During the government shutdown, visitors to public lands encountered locked doors, deserted parks and ambiguous instructions.

The third weekend in January kicked off with a federal government shutdown. At least some Americans went ahead with their plans to visit national parks and other public lands, perhaps heartened by Interior Sec. Ryan Zinke's imprecise (yet exhaustively publicized) plan to keep them open.

But by one estimate, one-third of National Park Service-administered sites ended up closed on Saturday, the first day the shutdown was in effect. This included the Statue of Liberty and Ellis Island, which quickly became the most visible symbols of the both the shutdown's effects and the dysfunction surrounding Zinke's plan (as a vacationing firefighter told Fox News, blaming unspecified politicians, "they really kind of screwed up our day"). New York Governor Andrew Cuomo later said he'd use state funds to ensure the sites stay open.

That still left hundreds of parks theoretically open for people to enjoy, not to mention a variety of national monuments, national wildlife refuges and other public lands. And indeed, some parks were open—sort of. Per media accounts, visitors were met by a variety of staffing contingencies, you're-on-your-own placards, closed visitor centers and even shuttered restrooms. At some parks, reduced search-and-rescue capacity and unsupervised roadways raised doubts about whether it was even safe to forge ahead.

Since park staff also serve a vital role protecting the land itself, the shutdown also allowed reckless behavior to creep in. At Yellowstone National Park, a concession operator allowed two clients to drive snowmobiles too close to Old Faithful, violating park rules while most rangers were off work.

Many people trying to enjoy their public lands over the weekend encountered mixed messages. At Maryland's Blackwater National Wildlife Refuge, 62 miles from the White House as the crow flies, visitors were greeted by a locked gate—but also a sign explaining that, without staff, they could enter at their own risk.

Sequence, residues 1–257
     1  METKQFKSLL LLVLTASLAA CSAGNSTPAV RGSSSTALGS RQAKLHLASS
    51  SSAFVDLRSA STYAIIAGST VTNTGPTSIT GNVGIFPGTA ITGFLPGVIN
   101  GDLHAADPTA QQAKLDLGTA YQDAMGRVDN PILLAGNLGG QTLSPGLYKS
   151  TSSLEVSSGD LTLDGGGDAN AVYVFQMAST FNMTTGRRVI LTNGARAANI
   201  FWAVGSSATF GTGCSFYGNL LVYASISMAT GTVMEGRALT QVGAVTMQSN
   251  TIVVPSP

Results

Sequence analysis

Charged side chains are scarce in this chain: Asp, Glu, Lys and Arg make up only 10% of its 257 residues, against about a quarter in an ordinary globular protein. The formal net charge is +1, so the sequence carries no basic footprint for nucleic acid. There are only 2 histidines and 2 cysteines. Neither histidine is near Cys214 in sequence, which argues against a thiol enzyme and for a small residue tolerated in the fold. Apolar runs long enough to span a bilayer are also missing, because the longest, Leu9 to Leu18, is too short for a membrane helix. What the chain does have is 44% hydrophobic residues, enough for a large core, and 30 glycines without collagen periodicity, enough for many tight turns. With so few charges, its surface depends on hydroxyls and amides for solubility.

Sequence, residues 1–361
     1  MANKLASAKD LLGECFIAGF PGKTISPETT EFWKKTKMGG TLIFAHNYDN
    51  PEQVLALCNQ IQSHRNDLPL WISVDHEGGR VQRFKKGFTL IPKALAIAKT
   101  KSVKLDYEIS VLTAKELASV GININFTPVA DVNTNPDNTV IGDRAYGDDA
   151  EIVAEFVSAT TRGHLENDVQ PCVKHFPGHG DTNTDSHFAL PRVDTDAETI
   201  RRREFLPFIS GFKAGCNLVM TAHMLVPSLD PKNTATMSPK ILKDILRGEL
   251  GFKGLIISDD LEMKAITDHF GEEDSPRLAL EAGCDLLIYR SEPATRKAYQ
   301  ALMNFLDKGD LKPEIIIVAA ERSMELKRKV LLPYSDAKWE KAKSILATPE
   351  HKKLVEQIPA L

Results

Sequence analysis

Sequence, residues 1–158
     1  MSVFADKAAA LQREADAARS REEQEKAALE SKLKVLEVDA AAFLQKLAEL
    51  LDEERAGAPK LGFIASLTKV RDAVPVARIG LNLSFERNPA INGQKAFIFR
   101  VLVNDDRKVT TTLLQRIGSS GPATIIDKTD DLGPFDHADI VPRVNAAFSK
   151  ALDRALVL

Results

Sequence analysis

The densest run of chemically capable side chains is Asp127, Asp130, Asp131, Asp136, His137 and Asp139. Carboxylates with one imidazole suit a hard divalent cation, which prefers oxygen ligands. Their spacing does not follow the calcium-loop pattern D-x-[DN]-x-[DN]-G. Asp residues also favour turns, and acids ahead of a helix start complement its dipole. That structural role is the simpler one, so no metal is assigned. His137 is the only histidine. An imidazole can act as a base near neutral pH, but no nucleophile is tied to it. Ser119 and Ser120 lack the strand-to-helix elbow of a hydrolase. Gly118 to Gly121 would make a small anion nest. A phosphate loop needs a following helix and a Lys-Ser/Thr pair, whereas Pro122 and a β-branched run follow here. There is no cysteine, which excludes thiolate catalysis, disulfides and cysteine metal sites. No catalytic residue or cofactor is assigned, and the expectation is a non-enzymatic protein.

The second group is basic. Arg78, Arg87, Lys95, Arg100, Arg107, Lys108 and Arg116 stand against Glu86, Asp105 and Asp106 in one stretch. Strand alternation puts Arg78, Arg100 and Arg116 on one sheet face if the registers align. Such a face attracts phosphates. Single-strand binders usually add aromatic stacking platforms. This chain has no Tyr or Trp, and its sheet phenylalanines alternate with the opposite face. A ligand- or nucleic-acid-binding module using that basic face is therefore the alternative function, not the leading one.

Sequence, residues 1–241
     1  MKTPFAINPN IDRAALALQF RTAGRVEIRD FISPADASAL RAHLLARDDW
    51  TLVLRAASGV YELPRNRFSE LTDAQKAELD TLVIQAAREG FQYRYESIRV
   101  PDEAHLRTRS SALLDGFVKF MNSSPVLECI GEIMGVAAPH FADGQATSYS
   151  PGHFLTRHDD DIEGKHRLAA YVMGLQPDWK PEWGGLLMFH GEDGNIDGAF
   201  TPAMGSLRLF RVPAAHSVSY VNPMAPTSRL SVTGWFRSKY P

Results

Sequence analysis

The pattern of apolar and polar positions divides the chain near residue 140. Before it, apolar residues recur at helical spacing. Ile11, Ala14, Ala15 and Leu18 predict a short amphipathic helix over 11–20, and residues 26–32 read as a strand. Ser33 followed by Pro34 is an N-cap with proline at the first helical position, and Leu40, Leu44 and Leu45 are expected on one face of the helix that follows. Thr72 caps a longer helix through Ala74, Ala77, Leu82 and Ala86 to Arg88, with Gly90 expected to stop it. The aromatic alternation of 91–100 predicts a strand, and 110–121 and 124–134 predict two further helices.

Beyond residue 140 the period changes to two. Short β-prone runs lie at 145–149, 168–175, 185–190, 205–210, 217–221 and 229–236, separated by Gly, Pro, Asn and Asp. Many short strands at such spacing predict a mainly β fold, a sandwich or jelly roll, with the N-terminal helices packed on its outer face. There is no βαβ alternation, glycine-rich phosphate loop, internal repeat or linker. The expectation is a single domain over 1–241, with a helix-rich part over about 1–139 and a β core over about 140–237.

The Statue of Liberty and Ellis Island were both closed during the government shutdown.NPCA / Flickr

The through-line of the signs, website updates and other communiques tasked with explaining the shutdown status was ambiguity.

Washington's Mount Rainier National Park and Colorado's Rocky Mountain National Park posted similar notices on their websites warning visitors that staff would be unable to provide the usual level of assistance or emergency response. But come Sunday, the former tweeted a seemingly straightforward 'open for business' message ("Mount Rainier National Park Accessible to Public during Government Shutdown"), while the latter was still sharing an old tweet advising guests that "Some RMNP areas are accessible, however access may change without notice." Each park ranks among the nation's most dangerous as measured by yearly fatalities; leaving them on a semi-operational status and offering protean or unclear messages to the public seems like a recipe for disaster.

Shutdown a Reminder of Trump Administration's Uniquely Poor Conservation Record

While all this was playing out, Secretary Zinke, showing the same knack for publicity that has led him to fly a personal flag at the Department of the Interior and ride a horse to his new office, churned out social media posts that showed him greeting visitors to the National Mall, suggesting everything was proceeding as planned.

The confusion at public lands underscored the incoherence of the Trump administration, which pays lip-service to the giants of American conservation while working feverishly to undermine their achievements. A couple days after Zinke posed for photos, with the shutdown still in effect, he signed an agreement authorizing a land exchange and construction of a needless road through Alaska's Izembek National Wildlife Refuge and its designated wilderness area. Fittingly, that agreement was the product of backroom dealings and a process that shirked transparency and ignored previous studies on the proposal. Say one thing, do another.

Keeping some parks open didn't undo the misdeeds of what is already a uniquely damaging presidency.